When asked to list the five books that have most influenced his writings, the acclaimed British novelist Ian McEwan put a book called “What Science Offers the Humanities” on the top of his list. He goes on to suggest that science is “a matter of beauty”, to be admired just as we admire our favourite painting, song, or novel. He’s right. Science is beauty, and I would add, economics is a science.
So what is the essence of the scientific method?
At its core is the distinction between “positive” statements, and “normative” statements, a distinction that every aspiring economist must appreciate, but which is certainly difficult to make particularly when we are concerned with the conduct of public policy.
Positive economics describes economic events and situations, and develops theories (or as is commonly put, “models”) to explain them.
Normative economics reflects a value judgment on what should be done. While a normative statement might be built upon some objective view of reality, it requires a further leap based upon something other than the facts. It is explicitly, or implicitly, ethical.
Both are a necessary part of public discourse. Policy makers need to understand the world as it is, how it works, and the effectiveness of the tools proposed to change it. But policy makers also need to have a vision of the ideal, of the social goals citizens value and wish to achieve. It is no wonder it is easy to confuse the two.
It is also not surprising that there is no shortage of “experts” who are quite willing to express their opinions, and give their advice. Self-proclaimed experts will be more numerous on matters of economics than they are on matters of cataracts or sub-atomic particles because the subject matter of economics touches our lives so directly.
Read this article from The Guardian about how a couple of British Doctors have found a solution for climate change—people should have fewer babies—and wonder if this positive or normative public policy.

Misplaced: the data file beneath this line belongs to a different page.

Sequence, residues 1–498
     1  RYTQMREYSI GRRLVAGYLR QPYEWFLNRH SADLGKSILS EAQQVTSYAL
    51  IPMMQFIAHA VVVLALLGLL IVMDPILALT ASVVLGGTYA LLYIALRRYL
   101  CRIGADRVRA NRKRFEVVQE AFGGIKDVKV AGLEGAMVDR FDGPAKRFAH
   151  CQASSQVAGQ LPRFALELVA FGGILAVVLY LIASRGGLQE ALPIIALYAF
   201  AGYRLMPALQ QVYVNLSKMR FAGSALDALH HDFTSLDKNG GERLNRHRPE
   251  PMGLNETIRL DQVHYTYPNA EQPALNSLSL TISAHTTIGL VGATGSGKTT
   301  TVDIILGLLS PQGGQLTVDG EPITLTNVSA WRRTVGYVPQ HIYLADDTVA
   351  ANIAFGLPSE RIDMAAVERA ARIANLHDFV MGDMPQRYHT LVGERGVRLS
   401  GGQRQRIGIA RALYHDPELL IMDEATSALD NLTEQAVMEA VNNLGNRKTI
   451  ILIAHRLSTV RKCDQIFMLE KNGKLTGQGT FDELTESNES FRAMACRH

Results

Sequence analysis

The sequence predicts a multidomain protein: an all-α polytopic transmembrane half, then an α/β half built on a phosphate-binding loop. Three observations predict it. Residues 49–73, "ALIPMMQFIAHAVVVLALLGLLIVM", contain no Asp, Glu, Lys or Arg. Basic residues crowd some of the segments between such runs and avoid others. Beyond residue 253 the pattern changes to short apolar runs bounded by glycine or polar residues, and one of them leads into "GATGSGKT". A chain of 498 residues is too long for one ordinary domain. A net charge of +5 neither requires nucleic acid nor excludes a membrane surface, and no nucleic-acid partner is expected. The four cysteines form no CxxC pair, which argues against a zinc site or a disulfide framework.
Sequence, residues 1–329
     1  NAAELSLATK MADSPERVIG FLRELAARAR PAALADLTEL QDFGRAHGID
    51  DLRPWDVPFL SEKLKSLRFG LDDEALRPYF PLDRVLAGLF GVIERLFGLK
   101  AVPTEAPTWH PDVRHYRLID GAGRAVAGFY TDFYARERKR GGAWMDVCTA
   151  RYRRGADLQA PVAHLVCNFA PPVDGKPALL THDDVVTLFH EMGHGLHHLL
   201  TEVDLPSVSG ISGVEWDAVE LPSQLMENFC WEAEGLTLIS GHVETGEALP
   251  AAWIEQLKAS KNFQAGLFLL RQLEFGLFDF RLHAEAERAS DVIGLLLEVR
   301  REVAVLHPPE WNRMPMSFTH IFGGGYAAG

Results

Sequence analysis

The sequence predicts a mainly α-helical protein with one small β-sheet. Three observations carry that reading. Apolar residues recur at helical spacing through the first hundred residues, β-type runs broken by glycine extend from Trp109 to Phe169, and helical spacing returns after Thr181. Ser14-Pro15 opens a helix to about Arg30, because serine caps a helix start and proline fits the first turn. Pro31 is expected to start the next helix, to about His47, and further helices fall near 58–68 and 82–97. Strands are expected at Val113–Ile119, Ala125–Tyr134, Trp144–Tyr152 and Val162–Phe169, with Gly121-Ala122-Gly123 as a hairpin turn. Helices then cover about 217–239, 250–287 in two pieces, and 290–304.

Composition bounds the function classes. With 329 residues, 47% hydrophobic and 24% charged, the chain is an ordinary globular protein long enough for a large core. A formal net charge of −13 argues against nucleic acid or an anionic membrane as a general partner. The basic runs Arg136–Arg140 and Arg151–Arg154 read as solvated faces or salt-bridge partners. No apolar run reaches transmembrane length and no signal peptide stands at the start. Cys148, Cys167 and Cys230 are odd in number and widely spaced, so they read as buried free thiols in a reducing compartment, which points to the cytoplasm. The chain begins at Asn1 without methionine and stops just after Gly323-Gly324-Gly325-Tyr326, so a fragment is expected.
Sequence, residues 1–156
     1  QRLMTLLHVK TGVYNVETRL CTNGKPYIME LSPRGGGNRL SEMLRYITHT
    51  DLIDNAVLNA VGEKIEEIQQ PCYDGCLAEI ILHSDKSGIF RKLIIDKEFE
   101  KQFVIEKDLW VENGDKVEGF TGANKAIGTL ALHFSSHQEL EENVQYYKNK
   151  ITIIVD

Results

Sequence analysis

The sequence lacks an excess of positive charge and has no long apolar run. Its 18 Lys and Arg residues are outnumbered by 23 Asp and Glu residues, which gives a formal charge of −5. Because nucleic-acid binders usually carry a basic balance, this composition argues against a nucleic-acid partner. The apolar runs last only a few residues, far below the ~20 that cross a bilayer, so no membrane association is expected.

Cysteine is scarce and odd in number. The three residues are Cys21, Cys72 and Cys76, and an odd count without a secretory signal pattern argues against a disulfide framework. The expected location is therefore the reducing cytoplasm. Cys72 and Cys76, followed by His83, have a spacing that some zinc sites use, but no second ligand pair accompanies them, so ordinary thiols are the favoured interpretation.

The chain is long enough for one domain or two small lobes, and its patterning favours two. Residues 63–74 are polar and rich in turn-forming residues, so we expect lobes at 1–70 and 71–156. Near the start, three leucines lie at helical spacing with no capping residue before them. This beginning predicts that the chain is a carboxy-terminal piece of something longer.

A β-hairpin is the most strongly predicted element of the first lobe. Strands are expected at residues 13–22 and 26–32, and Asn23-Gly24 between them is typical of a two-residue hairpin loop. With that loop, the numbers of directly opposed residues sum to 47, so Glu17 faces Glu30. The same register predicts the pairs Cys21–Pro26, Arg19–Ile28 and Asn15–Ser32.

Milton Friedman, in a famous essay called “The Methodology of Positive Economics” that was published in a book called Essays in Positive Economics, wrote:
Positive economics is in principle independent of any particular ethical position or normative judgments. … it deals with “what is,” not with “what ought to be.” Its task is to provide a system of generalizations that can be used to make correct predictions about the consequences of any change in circumstances. Its performance is to be judged by the precision, scope, and conformity with experience of the predictions it yields. In short, positive economics, is or can be, an “objective” science, in precisely the same sense as any of the physical sciences. Of course, the fact that economics deals with the interrelations of human beings, and that the investigator is himself part of the subject matter being investigated in a more intimate sense than in the physical sciences, raises special difficulties in achieving objectivity …
Our first lesson in economics is to understand the distinction between positive and normative statements, to appreciate that this distinction can at times be challenging to make, and to develop a familiarity with the scientific approach that disciplines our analysis of public policy. An important aspect of this approach is the development and testing of “models.”
Download the Lecture 1 presentation and use it to help your reading and reflection on the first block of material in the course outline with this in mind as you struggle in giving a definition to the subject. (… and as you do so, pause and appreciate the wonder and beauty of it all !! 🙂 )